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Case Reports in Dentistry
Volume 2012 (2012), Article ID 483867, 4 pages
Rubinstein-Taybi Syndrome: A Case Report
Department of Pedodontics, Faculty of Dentistry, Istanbul Medipol University, Fatih, 34093 Istanbul, Turkey
Received 12 July 2012; Accepted 8 August 2012
Academic Editors: A. Epivatianos and A. L. S. Guimaraes
Copyright © 2012 A. P. Münevveroglu and B. B. Akgöl. This is an open access article distributed under the Creative Commons Attribution License, which permits unrestricted use, distribution, and reproduction in any medium, provided the original work is properly cited.
Rubinstein-Taybi syndrome or Broad Thumb-Hallux syndrome is a genetic disorder characterized by facial dysmorphism, growth retardation, and mental deficiency. A seven-year-old girl had come to the Department of Pedodontics, Istanbul Medipol University, Faculty of Dentistry, Turkey, with a complaint of caries and bleeding of gingivae. The patient was mentally retarded. Extraoral features revealed distinctive facial appearance with a broad fore head, hypertelorism, broad nasal bridge, and beaked nose. Intraoral features observed were talons cusps in the upper lateral incisors, carious teeth, and plaque accumulation. Since the patient was mentally retarded, the dental treatment was done under GA. The treatment plan and dental management of this patient are discussed in this case report.
Rubinstein-Taybi Syndrome (RTS:OMIM 180849), or Broad Thumb-Hallux syndrome, was initially described by Michail et al. in 1957 . In 1963, Rubenstein and Taybi reported on seven cases of this syndrome , which included a group of congenital anomalies consisting of short, broad thumbs and great toes, psychomotor retardation, highly arched palates, and histories of recurrent respiratory infections and particular facial abnormalities [3–5]. It is caused by either a microdeletion at 16p13.3 or mutations in the CREB-binding protein (CREBBP or CBP) or EP300 gene (at 22q13) [4–7].
The main distinctive features most commonly linked to this syndrome are downward sloping palpebral fissures, broad thumbs and halluces, growth retardation and psychomotor developmental delay, typical facial dysmorphism, hypertelorism, a prominent forehead, and mental disability [9–11].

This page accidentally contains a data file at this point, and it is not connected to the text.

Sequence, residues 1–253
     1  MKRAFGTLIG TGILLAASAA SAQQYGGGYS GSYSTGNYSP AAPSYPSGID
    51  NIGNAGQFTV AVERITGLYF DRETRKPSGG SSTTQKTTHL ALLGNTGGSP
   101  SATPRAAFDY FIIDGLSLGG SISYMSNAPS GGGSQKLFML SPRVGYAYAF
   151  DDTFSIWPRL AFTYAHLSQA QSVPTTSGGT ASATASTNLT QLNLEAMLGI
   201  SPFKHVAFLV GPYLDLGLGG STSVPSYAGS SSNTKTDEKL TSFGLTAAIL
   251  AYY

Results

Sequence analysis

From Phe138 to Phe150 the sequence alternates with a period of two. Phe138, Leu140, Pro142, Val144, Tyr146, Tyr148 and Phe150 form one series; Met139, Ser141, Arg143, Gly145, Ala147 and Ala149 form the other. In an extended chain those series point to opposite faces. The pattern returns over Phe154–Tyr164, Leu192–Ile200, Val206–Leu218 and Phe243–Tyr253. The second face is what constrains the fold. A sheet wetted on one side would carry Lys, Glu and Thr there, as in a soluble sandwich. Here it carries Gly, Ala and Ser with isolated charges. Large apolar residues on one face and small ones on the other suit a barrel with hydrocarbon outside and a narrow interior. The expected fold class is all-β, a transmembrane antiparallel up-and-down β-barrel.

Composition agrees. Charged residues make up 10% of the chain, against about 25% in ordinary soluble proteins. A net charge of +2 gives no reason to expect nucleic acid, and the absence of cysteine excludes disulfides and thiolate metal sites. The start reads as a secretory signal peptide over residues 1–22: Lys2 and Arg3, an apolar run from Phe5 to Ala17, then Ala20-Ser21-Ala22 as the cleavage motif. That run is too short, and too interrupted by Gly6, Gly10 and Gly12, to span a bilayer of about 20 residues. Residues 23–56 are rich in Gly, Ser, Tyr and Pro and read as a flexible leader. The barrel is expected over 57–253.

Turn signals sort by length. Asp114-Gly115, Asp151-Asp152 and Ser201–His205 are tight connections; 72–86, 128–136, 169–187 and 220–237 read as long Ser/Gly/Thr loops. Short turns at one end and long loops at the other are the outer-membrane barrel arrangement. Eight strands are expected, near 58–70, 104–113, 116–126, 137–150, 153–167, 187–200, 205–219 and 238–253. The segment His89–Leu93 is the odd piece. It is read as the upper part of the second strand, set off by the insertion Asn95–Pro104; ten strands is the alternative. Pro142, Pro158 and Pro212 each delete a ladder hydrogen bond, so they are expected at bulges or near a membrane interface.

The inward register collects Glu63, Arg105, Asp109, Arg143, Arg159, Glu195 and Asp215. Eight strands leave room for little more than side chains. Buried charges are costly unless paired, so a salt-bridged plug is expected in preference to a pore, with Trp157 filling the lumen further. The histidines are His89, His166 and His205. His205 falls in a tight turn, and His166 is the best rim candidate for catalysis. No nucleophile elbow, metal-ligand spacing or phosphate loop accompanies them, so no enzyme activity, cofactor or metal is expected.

One intriguing phenomenon is the fact that RTS patients are prone to develop tumours. These tumours show a pattern of neural and developmental origin, and neuroblastoma, medullablastoma, oligodendroglioma, meningioma, seminoma, odontoma, choristoma, and polimatrixtomas were the reported tumours in RTS patients [3, 12, 13].
Oral manifestations of this syndrome include limited mouth opening, a pouting lower lip, retro/micrognathia, a high arched and narrow palate, cleft uvula and palate, and rarely a cleft upper lip. Dental abnormalities occur in 67% of individuals with RTS and can include hypodontia, maintenance of deciduous teeth, talon cusps, and enamel hypoplasia. An increased rate of caries and periodontal disease has been reported in these patients. However periodontal disease has not always been associated with this syndrome [7, 11, 16]. Characteristics of RTS are described in Table 1.
Dental treatment is generally complicated due to difficulties in managing the patient’s behavior. In most patients with this syndrome, it is necessary to carry out the dental treatment under sedation or general anesthesia. It is important to know that these patients might have upper respiratory obstruction during sleeping or sedation because of the anatomical characteristics of their maxillofacial region [16–18].
2. Case Report
A 7-year-old girl accompanied by parents reported to the faculty of Dentistry, Department of Pedodontics, Medipol University, Turkey, with a complaint of caries and bleeding of gingiva. She is the second child of a remote consanguineous couple. Her old sister had no signs of dental anomalies. The patient was born at term, weighing 2 kg 850 g.